We receive pleas daily from travelers who want to help street dogs and cats they saw in Cuba. Of course, The Aniplant Project and ANIPLANT want to help all the animals. Unfortunately, the space at ANIPLANT is small and there is not room for all the street dogs or cats. And remember, there is no humane shelter in Cuba. When Nora is called on to find and help a dog or cat, she will first ask if there is a place for the animal to go after receiving help--to make sure the animal stays safe and cared for. She will ask her circle of supporters in Cuba who run refuges if they have room for one more. These refuges are usually in the private homes of animal lovers. And while some of them are overcrowded, most are run by people who understand and practice good animal care. Nora helps these refuges by providing food, some veterinary help and suggestions for caring for a houseful of animals.
Sometimes, we receive requests for adoptions for dogs or cats out of Cuba. The Aniplant Project, always encourages adoptions from your local shelter, because shelters in every civilized community in the world kill perfectly healthy and beautiful companion animals every day. Last year alone, over 3 million dogs were killed in shelters in the USA. Please visit your local shelter! You'll find a wide selection of every conceivable size, shape, color, and breed of very deserving cats and dogs who desperately need loving homes, and the cost will be quite small compared to attempts to rescue one from Cuba.
However, if you have a soft spot for animals, are traveling to Cuba, and think you may be moved to bring home an orphaned animal, we suggest you take along a carrier (or two), fill the carrier with a collar and leash, flea and mange medicines, dog food and bedding, and then plan to spend the 1-to-3 months necessary to get veterinary clearance to take the animal out of Cuba and into your own country. Unfortunately, The Aniplant Project cannot facilitate adoption to other countries for you as our time and resources are extremely limited.
Please note: it can be difficult and expensive to adopt a dog or cat into the U.S. from Cuba. Because of the embargo, animals cannot fly direct to the U.S. from Cuba. If you have your heart set on bringing home a Cuban companion animal, please learn all the rules and regulations of your airline(s) and the Customs departments of the countries you are flying through first. You do not want the poor dog or cat to be stranded in a foreign country and subjected to hours of fear.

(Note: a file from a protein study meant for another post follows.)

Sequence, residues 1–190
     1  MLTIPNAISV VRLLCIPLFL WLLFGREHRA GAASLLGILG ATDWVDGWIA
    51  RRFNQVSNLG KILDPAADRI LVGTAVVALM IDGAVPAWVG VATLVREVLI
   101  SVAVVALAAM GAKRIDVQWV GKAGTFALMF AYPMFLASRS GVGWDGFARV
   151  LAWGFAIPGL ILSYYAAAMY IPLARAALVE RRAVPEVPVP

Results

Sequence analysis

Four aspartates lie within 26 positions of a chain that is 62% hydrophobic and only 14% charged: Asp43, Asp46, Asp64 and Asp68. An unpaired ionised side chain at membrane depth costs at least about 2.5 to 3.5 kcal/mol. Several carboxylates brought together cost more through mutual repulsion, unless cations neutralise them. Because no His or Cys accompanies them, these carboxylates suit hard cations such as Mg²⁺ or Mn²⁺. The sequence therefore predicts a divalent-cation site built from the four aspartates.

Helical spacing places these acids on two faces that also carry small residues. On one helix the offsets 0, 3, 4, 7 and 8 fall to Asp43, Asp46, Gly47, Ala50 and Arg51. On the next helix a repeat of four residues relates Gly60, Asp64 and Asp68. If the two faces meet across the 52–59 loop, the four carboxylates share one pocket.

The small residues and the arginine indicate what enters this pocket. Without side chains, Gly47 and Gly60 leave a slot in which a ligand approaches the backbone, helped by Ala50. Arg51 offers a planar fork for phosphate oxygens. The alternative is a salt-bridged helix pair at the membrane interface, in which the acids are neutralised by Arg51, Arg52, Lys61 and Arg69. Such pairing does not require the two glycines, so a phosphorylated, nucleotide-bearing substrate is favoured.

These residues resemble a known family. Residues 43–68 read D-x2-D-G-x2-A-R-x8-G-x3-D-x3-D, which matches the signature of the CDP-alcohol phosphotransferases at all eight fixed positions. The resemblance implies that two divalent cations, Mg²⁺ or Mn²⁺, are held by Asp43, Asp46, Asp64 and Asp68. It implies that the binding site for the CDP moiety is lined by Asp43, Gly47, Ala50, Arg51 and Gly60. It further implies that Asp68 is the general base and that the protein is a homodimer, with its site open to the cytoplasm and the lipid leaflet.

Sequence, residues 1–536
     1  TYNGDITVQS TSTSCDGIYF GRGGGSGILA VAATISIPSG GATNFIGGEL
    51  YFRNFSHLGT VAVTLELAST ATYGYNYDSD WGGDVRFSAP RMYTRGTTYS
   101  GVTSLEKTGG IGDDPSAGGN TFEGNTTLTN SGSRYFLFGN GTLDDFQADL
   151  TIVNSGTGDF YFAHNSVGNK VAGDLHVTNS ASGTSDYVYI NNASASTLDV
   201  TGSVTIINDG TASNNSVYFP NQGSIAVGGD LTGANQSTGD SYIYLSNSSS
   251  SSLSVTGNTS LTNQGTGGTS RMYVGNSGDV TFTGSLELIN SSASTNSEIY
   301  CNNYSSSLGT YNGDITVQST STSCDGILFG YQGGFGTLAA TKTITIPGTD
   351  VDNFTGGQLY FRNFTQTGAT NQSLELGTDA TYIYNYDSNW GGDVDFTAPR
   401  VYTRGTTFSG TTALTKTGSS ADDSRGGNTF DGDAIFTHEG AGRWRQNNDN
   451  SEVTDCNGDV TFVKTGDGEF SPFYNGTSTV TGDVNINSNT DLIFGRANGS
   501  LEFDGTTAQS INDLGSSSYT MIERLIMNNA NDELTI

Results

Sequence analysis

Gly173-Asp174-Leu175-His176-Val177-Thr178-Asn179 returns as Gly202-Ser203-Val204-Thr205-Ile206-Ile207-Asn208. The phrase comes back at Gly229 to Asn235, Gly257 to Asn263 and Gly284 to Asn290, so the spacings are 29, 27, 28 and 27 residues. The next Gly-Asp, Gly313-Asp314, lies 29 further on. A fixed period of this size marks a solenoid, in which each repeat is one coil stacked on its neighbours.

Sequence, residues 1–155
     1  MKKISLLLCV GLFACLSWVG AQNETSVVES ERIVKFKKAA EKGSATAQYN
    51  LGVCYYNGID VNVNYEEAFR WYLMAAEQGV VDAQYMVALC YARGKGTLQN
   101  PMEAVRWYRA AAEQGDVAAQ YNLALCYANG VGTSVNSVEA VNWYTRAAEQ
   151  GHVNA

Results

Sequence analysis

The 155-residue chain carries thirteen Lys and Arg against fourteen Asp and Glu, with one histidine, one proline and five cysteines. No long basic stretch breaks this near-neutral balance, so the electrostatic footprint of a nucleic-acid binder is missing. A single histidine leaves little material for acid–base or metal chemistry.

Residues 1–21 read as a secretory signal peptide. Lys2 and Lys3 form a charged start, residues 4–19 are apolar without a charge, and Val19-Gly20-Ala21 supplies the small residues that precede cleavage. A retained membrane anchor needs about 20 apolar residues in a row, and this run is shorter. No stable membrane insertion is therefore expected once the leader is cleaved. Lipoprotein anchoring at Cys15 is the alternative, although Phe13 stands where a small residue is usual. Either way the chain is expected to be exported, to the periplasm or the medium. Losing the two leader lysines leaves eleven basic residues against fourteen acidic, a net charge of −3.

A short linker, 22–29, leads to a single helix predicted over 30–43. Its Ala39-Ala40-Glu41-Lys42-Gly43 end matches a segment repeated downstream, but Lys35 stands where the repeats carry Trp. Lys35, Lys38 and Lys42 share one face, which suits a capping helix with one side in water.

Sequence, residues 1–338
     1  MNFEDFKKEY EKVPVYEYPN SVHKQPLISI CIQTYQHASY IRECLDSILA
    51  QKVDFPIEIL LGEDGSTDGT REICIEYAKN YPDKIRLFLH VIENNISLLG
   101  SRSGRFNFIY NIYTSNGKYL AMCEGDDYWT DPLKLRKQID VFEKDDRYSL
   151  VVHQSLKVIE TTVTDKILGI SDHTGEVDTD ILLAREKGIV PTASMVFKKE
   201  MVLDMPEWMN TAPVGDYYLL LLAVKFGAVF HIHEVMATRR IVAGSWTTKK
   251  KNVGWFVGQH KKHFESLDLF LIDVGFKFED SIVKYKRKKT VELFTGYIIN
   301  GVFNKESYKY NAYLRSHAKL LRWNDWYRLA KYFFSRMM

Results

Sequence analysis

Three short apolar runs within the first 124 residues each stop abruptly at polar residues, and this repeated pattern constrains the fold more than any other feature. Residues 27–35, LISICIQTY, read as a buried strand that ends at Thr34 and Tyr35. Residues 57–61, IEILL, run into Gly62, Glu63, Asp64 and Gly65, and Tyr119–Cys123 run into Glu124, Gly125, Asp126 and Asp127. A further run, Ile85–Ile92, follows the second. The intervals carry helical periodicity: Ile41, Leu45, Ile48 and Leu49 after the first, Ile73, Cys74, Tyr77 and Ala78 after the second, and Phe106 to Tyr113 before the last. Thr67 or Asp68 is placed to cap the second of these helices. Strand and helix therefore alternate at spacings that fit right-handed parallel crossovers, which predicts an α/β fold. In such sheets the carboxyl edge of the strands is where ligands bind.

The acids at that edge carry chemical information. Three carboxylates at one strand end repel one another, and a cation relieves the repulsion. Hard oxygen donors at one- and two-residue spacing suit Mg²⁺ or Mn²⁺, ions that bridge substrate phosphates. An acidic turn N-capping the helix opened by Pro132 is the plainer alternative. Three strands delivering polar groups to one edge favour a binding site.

Finally, a note about the dogs of Cuba: If you meet a dog on the streets in Cuba, fall in love, and cannot imagine your life without this dog in it, then by all means--contact us! Love is love! But please know, these dogs have lived on the streets, they speak Spanish and they are accustomed to Caribbean temperatures. Many years of economic deprivation have had an evolutionary effect on companion animals, and the average weight of a dog is only about 15-20 pounds. Cuban street dogs often have mange or parasites or worms. They may have been bitten by ticks and may be carrying a bacteria that doesn't show up for a year. And it is likely they will have food issues because they've never had enough of it. They may need frequent veterinary care for a little while. And if you go through with a rescue and adoption, you are committing to this dog for his/her life. The dog may need a lot of training, a lot of medical visits, a lot of attention, and a lot of your patience. It would be grossly unfair to bring a Cuban dog away from the island, only to abandon him/her in a foreign shelter when things got hard to manage. PLEASE, think carefully before bringing a dog or cat out of Cuba. It is a lifetime commitment.
If you are prepared to make that commitment, please write to Cuban Dog Tales / Danielle Speirs at email@example.com. Danielle lives in Canada, and she is an expert on the subject of adopting a dog/cat from Cuba. She has adopted a dog (named Nia) from Cuba. Danielle is a long-time friend of ANIPLANT and The Aniplant Project.
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The Aniplant Project
P.O. Box 256792
Chicago, IL 60625
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This is Pablo. BEFORE, being fed on the streets of Cuba by Nora García/ANIPLANT, and AFTER, riding shot gun with rescuer Amanda Crumley. Pablo had a great couple of years in the USA. Sadly, he passed away in 2016 due to complications from a tick bite.